Health Officials See Bright Future at Keystone Towers Site
Created on Friday, 26 August 2011 14:46
Contact: Collette DuValle, 317-221-2463
Among those watching Sunday’s implosion of the Keystone Towers apartment building will be a group of Marion County Public Health Department housing inspectors. For team leader Sheryl Crum, witnessing the implosion ends a three-year odyssey of inspections, re-inspections, boardings, re-boardings and site cleanings.
“For what once was a place to be, this site has become something no one has wanted to see,” said Crum. “So many people from the health department, city, law enforcement and neighborhood groups have worked for a long time to see this day.”
Since July of 2008, the health department has responded to a variety of health and safety issues. Keystone Towers’ last tenants left on August 27, 2008 and the facility’s lower level was boarded. Since then, health officials have continually inspected the site, looking for missing or damaged boards, replacing those boards and cleaning the site which has remained a convenient dumping ground. More than 90 board orders have been issued at the site. The health department cleaned the property in 2008 and 2009.
Keystone Towers opened in the mid-70’s as an upscale apartment and office complex. Financial difficulties plagued the development, leading to numerous sales.
Marion County Commissioners transferred city ownership to the city in February after North Carolina-based Southeastern Partners, Inc. failed to pay more than $500,000 in owed taxes and penalties.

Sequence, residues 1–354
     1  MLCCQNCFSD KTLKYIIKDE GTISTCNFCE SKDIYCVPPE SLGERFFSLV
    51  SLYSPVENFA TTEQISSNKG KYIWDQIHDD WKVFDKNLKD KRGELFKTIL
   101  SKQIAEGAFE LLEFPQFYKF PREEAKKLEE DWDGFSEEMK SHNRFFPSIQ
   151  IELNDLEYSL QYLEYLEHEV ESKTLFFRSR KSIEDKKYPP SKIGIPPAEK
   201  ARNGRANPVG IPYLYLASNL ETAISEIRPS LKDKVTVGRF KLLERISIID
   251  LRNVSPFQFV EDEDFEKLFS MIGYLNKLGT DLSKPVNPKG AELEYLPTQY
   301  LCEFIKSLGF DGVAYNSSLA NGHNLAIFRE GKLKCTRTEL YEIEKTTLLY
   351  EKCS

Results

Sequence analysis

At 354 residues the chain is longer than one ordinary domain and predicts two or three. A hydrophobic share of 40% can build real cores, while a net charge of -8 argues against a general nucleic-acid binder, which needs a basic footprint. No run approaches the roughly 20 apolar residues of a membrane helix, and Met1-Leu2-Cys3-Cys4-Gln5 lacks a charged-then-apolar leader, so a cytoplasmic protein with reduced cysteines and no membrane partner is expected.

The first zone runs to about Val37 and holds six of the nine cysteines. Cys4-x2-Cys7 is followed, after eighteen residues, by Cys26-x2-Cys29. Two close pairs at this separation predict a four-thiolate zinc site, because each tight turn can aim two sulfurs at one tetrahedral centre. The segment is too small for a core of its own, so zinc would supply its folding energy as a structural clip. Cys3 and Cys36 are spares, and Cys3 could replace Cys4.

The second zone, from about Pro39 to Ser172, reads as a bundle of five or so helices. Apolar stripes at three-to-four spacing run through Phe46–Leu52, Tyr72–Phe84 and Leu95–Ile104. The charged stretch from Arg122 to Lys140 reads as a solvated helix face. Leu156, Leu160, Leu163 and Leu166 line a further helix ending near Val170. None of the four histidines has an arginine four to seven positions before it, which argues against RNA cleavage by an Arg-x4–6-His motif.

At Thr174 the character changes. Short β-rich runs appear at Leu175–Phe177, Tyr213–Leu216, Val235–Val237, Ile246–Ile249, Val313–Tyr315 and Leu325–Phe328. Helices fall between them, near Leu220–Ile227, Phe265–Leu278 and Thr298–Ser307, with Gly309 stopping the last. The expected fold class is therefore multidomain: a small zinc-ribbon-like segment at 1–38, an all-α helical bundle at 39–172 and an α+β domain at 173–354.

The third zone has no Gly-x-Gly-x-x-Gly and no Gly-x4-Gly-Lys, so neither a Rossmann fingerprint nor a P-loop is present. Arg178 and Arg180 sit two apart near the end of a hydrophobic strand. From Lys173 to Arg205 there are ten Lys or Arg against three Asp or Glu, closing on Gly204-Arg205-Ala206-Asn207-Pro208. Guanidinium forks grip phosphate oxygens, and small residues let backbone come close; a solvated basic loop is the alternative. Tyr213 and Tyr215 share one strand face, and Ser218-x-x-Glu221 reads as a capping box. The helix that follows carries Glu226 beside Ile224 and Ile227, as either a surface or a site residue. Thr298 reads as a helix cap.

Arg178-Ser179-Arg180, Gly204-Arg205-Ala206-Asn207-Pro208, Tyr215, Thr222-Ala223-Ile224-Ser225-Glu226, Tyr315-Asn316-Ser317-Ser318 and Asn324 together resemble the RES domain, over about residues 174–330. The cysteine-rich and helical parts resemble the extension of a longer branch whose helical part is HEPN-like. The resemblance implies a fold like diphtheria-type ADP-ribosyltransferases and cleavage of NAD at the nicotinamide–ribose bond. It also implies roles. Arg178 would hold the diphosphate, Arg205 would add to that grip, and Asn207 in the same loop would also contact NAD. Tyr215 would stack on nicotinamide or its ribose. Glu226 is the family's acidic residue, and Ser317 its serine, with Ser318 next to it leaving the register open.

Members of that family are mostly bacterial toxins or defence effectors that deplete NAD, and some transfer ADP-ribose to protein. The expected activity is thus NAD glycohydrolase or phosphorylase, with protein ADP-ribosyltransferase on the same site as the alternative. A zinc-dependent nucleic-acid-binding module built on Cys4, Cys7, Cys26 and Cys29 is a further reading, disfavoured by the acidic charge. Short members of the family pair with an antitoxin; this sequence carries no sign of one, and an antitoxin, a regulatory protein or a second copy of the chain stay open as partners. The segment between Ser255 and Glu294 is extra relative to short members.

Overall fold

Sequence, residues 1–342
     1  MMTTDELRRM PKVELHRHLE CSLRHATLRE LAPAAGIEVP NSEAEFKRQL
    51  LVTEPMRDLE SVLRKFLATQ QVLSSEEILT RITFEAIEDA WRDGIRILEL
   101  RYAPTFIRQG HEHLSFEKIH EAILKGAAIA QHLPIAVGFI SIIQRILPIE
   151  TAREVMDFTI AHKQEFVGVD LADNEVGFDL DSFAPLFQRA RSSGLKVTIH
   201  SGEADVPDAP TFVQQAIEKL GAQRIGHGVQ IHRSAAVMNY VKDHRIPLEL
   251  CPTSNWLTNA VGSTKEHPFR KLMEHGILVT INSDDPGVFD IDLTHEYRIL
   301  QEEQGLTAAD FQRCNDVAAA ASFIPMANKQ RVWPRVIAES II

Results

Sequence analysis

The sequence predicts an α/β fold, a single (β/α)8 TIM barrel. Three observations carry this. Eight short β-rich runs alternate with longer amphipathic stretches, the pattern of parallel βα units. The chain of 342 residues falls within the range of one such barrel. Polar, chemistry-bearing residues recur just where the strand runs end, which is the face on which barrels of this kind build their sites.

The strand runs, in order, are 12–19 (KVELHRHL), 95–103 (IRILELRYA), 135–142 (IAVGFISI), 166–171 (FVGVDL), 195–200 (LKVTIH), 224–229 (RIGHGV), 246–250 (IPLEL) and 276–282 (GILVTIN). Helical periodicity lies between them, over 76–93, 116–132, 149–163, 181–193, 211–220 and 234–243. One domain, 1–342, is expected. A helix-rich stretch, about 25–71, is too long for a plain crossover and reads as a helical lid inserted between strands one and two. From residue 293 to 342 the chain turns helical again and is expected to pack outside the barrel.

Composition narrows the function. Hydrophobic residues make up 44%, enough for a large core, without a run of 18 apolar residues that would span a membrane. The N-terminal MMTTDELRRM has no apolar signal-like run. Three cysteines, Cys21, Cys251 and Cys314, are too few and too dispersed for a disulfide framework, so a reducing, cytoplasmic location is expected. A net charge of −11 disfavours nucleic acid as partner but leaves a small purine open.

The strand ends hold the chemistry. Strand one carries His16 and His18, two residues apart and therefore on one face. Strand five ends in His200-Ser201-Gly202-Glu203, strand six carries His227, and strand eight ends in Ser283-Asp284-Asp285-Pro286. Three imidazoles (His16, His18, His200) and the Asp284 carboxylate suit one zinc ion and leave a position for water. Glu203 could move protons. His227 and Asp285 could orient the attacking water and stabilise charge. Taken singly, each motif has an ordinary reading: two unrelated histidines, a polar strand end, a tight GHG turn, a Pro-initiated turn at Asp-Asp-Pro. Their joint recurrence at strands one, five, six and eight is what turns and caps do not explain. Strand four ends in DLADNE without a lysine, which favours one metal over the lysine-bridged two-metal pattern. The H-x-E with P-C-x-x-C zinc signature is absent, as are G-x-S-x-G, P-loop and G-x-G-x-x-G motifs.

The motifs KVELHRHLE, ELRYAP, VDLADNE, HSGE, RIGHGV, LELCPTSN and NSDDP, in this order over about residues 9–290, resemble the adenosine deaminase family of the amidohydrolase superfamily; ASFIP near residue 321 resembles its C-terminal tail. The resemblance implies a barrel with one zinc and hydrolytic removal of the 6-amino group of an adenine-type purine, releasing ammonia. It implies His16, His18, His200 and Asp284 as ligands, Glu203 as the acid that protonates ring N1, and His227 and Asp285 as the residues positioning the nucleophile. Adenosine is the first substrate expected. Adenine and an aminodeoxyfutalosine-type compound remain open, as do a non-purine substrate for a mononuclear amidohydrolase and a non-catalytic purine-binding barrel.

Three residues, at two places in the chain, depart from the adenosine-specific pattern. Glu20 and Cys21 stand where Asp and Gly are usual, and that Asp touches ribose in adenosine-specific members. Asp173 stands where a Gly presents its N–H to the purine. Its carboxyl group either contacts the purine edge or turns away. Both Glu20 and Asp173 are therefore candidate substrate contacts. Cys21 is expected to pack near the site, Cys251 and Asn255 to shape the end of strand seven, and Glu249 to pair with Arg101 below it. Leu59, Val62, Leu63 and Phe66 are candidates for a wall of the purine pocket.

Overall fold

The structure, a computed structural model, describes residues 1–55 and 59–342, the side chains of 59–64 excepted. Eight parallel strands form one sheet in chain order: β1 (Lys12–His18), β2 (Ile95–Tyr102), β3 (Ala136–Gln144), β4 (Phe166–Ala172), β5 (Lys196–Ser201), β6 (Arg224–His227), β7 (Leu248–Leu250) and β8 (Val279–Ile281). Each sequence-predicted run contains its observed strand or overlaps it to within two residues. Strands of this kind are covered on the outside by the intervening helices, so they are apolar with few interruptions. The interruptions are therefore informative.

The property was part of the county’s tax sale in March 2010. No one bid on it with Southeastern given 120 days to pay off the debt.
Working with city officials and those living near the once opulent 15-story complex, local health officials see the awaited demolition as a great opportunity in an area on the cusp of a redevelopment renaissance.
“You look along from I-65 to Sherman Drive and 38th street is buzzing with new development. Health and Hospital Corporation has built a new service building for the Marion County Public Health Department and has renovated several structures near its headquarters at 38th and Rural. Once the Keystone Towers site is cleared, development can certainly prosper,” said corporation spokesman John T. Althardt.